Maryland Divorce Lawyers know that getting the divorcing parties to sign a Separation Agreement can be the key to an amicable divorce. This was the subject of a recent posting on this site. However there are exceptions to every rule. There are circumstances in which a party to a Separation Agreement argues that it should not be enforced. Under what circumstances can a Separation Agreement be set aside? This posting will be limited to situations in which a final judgment of divorce has not yet been entered.

The first indicia of a Separation Agreement that is a candidate to be set aside is the existence of terms that are unjust, oppressive or shocking to the conscience. This is a factor that is often concurrent with duress, undue influence, fraud or negligent misrepresentation.

A court may set aside a Separation Agreement upon a finding of duress or undue influence. Duress occurs when there has been the use of coercion that results in the victim's loss of the ability to utilize his or her free will resulting in the entry of the victim in the agreement. If this sounds like a subjective standard, it is. However, it is a very difficult hurdle to overcome. Material fraud such as concealment of assets or income or negligent misrepresentation of such information can also be a basis for setting aside an agreement. A mutual misunderstanding of a material fact may also lead to overturning an agreement.

Ineffective assistance of counsel and unilateral mistake are not grounds for setting aside a Separation Agreement. Fortunately situations in which Separation Agreements are contested are rare. It should be understood that judges generally begin with a presumption that an agreement should be enforced. The party seeking to attack the agreement will have the burden of proof.

December 9, 2009

Corporal Punishment Issues Arise in Custody and Domestic Violence Cases

Maryland Divorce and Custody Attorneys know that divorcing couples often disagree on parenting issues. This may include disagreement over corporal punishment. The issue of corporal punishment can also arise in situation where the parents are in agreement. The use of corporal punishment can become (i) a criminal charge of child abuse under Section 3-601 of Criminal Law Article, (ii) a child abuse investigation and finding by the Department of Social Services under Section 5-701 of Family Law Article (subject to appeal to the Office of Administrative Hearings), (iii) a domestic violence case under Section 4-501 of the Family Law Article and (iv) an issue in a custody or visitation dispute.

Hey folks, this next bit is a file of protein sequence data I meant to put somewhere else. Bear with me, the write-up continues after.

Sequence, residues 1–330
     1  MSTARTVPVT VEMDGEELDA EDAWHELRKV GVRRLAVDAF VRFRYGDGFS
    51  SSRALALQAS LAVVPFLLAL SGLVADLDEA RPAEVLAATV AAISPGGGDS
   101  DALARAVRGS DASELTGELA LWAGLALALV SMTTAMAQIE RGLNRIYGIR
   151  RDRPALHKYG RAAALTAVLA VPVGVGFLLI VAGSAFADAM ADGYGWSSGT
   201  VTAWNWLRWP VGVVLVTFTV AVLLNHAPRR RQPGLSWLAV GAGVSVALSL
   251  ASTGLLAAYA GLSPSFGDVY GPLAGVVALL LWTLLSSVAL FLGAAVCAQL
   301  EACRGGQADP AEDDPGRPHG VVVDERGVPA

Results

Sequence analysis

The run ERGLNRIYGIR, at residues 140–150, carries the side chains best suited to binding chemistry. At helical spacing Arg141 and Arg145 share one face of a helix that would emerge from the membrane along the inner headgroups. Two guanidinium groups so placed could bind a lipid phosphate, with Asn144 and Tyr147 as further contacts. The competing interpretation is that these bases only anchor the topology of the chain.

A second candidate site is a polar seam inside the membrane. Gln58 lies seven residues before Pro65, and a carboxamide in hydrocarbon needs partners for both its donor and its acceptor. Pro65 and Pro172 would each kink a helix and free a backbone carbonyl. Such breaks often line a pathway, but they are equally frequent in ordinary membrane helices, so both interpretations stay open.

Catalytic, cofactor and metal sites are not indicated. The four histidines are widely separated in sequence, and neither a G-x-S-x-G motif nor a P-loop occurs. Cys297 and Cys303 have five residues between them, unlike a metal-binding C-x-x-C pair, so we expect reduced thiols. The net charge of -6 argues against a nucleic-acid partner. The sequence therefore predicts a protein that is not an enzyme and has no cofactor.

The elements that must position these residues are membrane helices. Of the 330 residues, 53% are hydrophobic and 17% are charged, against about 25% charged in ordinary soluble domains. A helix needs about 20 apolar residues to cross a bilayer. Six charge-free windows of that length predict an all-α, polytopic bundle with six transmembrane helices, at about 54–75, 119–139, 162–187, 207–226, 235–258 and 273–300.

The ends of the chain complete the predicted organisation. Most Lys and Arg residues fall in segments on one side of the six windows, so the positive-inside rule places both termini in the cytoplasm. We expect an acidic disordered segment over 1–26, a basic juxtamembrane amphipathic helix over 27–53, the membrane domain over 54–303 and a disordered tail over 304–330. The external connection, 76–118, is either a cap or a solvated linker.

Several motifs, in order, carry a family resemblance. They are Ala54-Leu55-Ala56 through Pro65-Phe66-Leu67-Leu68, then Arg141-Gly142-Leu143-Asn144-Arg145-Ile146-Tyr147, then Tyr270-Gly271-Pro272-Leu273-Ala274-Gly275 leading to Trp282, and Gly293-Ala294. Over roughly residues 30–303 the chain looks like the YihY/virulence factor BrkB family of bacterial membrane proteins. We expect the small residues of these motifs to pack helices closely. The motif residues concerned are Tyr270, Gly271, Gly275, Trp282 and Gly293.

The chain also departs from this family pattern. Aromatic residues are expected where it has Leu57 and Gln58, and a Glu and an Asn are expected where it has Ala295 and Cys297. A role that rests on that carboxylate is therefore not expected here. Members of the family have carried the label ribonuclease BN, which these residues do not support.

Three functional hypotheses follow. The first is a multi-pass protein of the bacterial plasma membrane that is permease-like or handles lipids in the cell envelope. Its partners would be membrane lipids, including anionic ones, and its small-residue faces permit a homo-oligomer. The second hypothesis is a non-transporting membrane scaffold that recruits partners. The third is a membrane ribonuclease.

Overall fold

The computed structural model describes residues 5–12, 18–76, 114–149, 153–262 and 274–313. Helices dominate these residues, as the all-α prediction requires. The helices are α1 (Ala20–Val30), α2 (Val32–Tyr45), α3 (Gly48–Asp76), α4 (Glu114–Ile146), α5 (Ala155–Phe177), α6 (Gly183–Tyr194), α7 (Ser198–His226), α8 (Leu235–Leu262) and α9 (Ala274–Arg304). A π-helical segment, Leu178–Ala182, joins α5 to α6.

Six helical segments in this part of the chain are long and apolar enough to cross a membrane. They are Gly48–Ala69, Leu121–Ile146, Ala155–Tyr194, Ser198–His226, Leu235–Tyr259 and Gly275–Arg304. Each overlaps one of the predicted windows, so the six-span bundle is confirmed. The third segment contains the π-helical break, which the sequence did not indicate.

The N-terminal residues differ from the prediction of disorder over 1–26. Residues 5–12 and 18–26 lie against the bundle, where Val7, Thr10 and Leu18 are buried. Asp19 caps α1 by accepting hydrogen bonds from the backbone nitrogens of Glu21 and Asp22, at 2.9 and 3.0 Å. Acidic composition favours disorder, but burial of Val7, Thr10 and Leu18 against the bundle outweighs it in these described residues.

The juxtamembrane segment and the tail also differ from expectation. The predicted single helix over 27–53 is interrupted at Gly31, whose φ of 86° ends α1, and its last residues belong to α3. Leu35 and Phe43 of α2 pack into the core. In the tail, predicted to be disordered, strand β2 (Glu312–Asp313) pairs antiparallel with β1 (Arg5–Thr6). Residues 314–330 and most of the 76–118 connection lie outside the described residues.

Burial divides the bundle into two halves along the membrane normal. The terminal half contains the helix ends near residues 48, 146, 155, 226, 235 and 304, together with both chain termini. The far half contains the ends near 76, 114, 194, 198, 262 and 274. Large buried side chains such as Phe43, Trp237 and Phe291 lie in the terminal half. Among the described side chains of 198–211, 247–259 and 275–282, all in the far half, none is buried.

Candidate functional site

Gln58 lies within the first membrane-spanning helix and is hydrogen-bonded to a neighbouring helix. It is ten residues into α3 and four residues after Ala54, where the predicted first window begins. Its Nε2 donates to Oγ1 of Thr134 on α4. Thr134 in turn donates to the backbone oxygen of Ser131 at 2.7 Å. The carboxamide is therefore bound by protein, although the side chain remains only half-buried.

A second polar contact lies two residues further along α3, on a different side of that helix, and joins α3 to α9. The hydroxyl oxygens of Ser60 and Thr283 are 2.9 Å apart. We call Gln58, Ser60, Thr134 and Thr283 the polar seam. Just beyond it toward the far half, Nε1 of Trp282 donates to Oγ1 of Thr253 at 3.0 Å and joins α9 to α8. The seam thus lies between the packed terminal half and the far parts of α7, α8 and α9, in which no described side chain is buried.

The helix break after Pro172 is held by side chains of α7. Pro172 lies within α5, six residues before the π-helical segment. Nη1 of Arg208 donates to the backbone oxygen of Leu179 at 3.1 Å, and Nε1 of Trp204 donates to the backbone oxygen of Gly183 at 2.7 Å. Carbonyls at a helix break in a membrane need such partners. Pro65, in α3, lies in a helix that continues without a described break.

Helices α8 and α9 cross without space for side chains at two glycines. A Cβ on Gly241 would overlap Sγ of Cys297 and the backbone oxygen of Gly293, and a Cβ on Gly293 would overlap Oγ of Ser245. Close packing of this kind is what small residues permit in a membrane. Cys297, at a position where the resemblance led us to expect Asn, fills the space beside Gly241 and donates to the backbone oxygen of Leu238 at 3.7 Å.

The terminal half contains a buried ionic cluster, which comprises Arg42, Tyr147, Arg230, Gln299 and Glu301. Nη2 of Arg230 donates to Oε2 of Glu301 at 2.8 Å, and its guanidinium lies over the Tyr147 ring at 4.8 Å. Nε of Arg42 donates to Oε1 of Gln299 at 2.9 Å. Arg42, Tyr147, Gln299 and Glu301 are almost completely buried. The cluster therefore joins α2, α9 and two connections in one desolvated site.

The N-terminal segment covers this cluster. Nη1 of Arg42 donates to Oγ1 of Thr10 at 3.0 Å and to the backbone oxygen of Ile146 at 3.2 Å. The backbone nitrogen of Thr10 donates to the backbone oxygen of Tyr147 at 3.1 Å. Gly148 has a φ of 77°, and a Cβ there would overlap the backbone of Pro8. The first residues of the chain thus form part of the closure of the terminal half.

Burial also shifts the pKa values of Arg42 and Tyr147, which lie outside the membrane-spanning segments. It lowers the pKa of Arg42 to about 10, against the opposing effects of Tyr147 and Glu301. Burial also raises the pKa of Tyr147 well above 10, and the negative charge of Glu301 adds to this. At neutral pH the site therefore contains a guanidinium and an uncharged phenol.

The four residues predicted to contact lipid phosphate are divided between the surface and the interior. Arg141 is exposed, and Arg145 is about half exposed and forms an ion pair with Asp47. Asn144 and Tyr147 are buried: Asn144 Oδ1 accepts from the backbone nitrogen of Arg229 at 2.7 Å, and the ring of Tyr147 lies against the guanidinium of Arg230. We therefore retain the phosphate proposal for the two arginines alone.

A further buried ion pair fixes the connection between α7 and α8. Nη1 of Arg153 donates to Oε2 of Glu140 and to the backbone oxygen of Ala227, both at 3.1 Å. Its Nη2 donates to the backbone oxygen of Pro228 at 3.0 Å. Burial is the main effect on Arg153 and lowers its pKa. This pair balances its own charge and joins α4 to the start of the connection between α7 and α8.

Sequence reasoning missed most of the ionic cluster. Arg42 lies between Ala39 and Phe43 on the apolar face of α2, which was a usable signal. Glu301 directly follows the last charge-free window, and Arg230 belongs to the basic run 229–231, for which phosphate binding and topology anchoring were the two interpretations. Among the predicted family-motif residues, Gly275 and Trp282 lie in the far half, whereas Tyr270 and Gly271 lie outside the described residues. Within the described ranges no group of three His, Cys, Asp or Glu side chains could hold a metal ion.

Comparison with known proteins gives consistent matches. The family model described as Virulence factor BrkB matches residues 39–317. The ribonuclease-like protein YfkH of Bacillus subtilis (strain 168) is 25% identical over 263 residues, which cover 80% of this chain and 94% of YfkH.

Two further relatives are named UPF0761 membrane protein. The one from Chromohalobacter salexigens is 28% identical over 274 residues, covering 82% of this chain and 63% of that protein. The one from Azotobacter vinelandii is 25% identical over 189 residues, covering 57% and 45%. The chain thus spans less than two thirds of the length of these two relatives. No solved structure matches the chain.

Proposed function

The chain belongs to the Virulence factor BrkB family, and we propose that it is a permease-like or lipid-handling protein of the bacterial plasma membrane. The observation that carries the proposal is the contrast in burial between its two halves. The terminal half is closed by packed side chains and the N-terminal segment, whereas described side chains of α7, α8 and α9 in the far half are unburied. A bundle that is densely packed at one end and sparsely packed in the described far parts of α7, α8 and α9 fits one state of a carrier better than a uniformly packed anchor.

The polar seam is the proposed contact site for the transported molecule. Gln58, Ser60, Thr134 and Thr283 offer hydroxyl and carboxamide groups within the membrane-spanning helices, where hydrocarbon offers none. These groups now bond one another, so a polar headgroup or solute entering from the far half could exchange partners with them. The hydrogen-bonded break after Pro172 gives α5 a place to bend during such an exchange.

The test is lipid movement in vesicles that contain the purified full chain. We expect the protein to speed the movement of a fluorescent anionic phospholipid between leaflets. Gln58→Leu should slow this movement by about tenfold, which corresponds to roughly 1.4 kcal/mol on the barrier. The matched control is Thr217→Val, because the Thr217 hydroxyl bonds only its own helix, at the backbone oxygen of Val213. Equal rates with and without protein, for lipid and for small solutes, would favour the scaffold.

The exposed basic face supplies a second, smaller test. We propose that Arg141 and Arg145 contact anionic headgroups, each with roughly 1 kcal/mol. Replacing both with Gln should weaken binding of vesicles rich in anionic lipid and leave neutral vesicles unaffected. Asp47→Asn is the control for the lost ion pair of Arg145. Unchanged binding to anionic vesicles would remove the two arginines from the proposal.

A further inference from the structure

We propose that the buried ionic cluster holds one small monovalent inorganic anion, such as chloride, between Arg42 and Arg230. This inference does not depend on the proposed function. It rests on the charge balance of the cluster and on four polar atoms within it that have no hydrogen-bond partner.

In each of these types of proceedings, a parent's conduct can have important consequences to his or her parental rights. It is important for parents who might be involved in any of these types of litigation to understand the basic concepts of child abuse and be able to discuss the issue with their Family Law Attorney.

Section 4-501 Family Law Article adopts the common law principle permitting "reasonable punishment including reasonable corporal punishment, in light of the age and condition of the child performed by a parent or step-parent of a child." However, when corporal punishment causes injury to the child, even if unintended, it is likely that the conduct of the parent will be closely scrutinized.

There are two Maryland appeals court opinions that offer guidance in such cases. The first is Charles County Department of Social Services vs. Vann in which the Department's finding of child abuse was upheld. In this case, a six year old was trying to evade punishment by his father who sought to strike him on the buttocks with a belt. Father had swung a rather large belt buckle at his son who attempted to evade the blows by twisting, turning and grabbing the belt. The boy's back was injured. The Court found that it was reckless to have swung the belt buckle at the child. His evasive response meant that the blow could have landed anywhere on his body. Indeed the injuries could have been far more severe.

In Department of Human Resources vs. Howard, the Court of Special Appeals, the court reversed a finding by the Department based on inadvertent injuries to 13 year old boy's eye. Mother intended to hit the child in the back of the head with her knuckles. He surprised her by turning his head towards her so that she struck him in the eye. Mother did not act with intent to harm the boy or with recklessness towards his safety or welfare.


December 6, 2009

Separation Agreement ,Key To Amicable Divorce